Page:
The Hunting Party opens with narration, which can sometimes be seen as a troublesome sign. In the beginning scene, we learn that Duck (Terrence Howard) and Simon (Richard Gere) used to be a solid reporting team. They’ve covered wars, you know. Actually, that’s pretty much all that they do, as they’re kind of adrenaline junkies. They enjoy the thrills that come from background explosions and bullets whizzing by their faces.
Or, they did. Simon had a meltdown during a live telecast and was subsequently fired. Duck was promoted to a cozy New York City job, while Simon went through a dozen jobs before eventually disappearing completely. All of this is told to us by Duck, although we also see some of the scenes taking place. Our film kicks up a few years later, now that the Bosnaian war of the 90s has come to an end. Duck, and his new cameraman, Benjamin (Jesse Eisenberg), are covering the fifth year anniversary of the war’s conclusion.
What a surprise it turns out to be when Simon shows up in Bosnia with a “hot story.” He won’t tell Duck what that story is until he agrees to cover it, even though Duck has a girlfriend (Joy Bryant) waiting for him in Greece. Because we wouldn’t have a movie if Duck didn’t agree to tag along, he does so. The story: A war criminal named “The Fox” (Ljubomir Kerekes) is currently hiding somewhere in the country. Simon has received a tip to his location, and is going to try to get an interview with him. Benjamin tags along, because he’s a kid right out of Harvard and needs a big story to prove to his father that he’s cut out for this business.
Of course, Simon has a hidden motive behind his journey. It’s not spoiling to tell you what it is, as right after the characters get in the car, he spills the beans: He actually wants to capture The Fox, take him to the UN, and receive the $5 million reward for doing so. He’ll keep $3 million, while the other two characters are free to split it however they please. There’s more motivation than the money (a “tragic” back story between Simon and The Fox is introduced), but the money sounds good enough to me.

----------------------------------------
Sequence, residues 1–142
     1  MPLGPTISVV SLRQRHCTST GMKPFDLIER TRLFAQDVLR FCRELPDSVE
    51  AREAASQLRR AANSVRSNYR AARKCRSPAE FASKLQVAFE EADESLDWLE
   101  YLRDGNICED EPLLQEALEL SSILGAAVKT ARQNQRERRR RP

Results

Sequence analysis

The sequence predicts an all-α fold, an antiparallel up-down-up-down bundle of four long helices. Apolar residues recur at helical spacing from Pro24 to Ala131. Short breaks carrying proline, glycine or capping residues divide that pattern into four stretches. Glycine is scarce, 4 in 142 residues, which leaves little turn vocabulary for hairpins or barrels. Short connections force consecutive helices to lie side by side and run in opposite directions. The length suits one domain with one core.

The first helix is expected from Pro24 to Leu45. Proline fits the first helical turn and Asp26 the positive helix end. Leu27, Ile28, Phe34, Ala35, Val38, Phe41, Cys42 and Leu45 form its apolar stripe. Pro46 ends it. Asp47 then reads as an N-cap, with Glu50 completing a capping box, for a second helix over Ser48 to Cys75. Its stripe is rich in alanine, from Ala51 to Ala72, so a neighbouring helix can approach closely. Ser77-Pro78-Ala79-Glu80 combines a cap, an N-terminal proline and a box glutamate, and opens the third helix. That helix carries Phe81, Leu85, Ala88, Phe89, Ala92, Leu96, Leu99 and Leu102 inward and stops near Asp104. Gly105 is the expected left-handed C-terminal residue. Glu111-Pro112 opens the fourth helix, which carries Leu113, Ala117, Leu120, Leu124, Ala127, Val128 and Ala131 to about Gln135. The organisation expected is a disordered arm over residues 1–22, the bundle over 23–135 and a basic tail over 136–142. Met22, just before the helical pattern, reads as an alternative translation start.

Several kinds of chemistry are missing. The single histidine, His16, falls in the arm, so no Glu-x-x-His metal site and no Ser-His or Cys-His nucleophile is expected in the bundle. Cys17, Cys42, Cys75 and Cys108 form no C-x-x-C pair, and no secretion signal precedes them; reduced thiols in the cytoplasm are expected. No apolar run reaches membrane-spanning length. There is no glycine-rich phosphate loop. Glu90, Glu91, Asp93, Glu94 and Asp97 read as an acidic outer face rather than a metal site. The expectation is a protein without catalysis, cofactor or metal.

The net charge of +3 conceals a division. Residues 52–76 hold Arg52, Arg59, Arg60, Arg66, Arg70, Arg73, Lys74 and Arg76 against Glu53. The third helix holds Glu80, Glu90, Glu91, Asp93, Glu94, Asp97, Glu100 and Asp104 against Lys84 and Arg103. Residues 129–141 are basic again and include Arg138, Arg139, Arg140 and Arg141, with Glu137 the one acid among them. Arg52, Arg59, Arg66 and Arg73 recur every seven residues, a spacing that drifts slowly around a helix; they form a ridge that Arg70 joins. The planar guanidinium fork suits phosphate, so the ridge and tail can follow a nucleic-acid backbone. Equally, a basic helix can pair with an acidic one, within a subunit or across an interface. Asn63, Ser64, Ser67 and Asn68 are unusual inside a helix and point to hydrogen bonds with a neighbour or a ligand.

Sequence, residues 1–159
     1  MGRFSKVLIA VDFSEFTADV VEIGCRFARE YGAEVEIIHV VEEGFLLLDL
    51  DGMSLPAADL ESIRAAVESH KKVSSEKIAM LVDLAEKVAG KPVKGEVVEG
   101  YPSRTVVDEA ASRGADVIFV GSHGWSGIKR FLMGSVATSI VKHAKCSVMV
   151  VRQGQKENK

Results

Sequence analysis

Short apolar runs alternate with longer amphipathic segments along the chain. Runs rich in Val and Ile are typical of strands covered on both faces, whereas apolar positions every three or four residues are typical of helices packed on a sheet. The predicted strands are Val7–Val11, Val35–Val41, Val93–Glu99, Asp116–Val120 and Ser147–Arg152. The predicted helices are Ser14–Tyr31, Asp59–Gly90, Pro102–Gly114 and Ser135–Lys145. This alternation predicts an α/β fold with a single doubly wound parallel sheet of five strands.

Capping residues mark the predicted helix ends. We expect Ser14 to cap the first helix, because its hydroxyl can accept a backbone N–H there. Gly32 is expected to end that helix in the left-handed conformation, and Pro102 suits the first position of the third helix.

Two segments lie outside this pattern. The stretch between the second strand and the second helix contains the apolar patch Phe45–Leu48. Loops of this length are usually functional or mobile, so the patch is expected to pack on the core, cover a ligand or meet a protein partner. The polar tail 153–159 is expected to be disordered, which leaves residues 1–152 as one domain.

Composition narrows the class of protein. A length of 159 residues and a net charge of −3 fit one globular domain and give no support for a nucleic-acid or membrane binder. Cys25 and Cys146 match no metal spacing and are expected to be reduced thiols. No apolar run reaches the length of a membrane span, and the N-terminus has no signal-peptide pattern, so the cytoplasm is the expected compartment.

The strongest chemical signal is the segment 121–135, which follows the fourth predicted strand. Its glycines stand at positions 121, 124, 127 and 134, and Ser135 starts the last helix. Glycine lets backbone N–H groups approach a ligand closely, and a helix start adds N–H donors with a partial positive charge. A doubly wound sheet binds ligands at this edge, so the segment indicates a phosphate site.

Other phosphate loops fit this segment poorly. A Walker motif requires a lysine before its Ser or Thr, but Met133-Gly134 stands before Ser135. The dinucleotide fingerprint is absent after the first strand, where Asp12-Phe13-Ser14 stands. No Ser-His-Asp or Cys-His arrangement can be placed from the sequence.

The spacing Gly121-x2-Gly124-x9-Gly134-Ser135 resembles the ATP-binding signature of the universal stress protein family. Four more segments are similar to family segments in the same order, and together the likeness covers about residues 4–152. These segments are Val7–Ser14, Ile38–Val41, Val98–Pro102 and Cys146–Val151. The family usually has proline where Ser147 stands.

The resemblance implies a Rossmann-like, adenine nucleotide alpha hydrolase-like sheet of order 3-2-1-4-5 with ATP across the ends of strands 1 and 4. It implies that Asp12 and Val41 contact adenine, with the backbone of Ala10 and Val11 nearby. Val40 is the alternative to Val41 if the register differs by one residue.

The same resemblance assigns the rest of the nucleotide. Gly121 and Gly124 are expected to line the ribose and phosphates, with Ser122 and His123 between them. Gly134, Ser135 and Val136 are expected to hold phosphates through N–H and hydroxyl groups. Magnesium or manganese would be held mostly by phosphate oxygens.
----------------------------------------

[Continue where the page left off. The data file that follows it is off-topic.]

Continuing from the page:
What follows is a journey through back roads, meeting some unwelcoming locals, and a lot of group bonding. The film seems to realize that the only points when it works is when the three lead actors are talking with one another, or getting into all sorts of shenanigans together. I know that some websites out there list this as either a thriller or action film, but to me, it was mostly a drama. There are only a couple of thrilling moments throughout, and they come mostly at the end. This isn’t a film that wants to make you sit on the edge of your seat.
With that said, I’m not exactly sure what The Hunting Party wants to make you do. The opening title card tells us that “only the most ridiculous parts of this story are true.” Okay, so it’s going to be a comedy. The first few scenes of the film, including Howard’s narration, reinforce this. But once the plot starts to get going, it loses that comedic nature and becomes a strict drama. There are also a couple of moments with some suspense, but they’re few and far between and don’t add up to much of the film’s (overlong) runtime.
The film purports to be based on a true story, using an article in Esquire as its tie to reality. It is very loosely based on that article, and plays out much more like an act of fiction than something that could happen to real people. There’s even a stupid deus ex machina element thrown in near the end, which didn’t at all work even though it’s supposed to help accentuate the critique of the United Nations. Throughout the film, various groups and organizations are criticized for not trying to catch The Fox, and the ending makes a point of forcing us to remember how much this movie dislikes that.
However, when it comes to the ending, The Hunting Party should have finished about ten minutes earlier than it did. It even sounds like it’s going to end, as our narration — which had been absent since the opening — returns and even tells us that the film’s going to end. And then the movie just keeps on playing, wrapping something up that we already knew was wrapped up because the voice-over told us. It’s more frustrating than satisfying at this point, and I was wondering what the point was of having a freeze frame, giving us a couple of minutes of narration, and then continuing on.
Where The Hunting Party succeeds — and pretty much the only reason that I could ever recommend watching it — is in its actors. All three of the leads have a great chemistry together, even though the film doesn’t really know what to do with them. They’re all charismatic, and they seem like they would be fun to spend some time traveling the Bosnian countryside with. There are also two noteworthy supporting roles (given to James Brolin and Diane Kruger), which top off an already impressive cast.
This was a disappointing film kept alive and watchable only because of its actors. But there isn’t a consistent tone, the story doesn’t give the characters much to do, and I was never sure exactly what I was supposed to be feeling. The criticism of certain organizations and countries didn’t quite work as we already knew or assumed it all — although at least this movie wasn’t afraid to tell us exactly what it felt — and it’s on the whole a waste of time.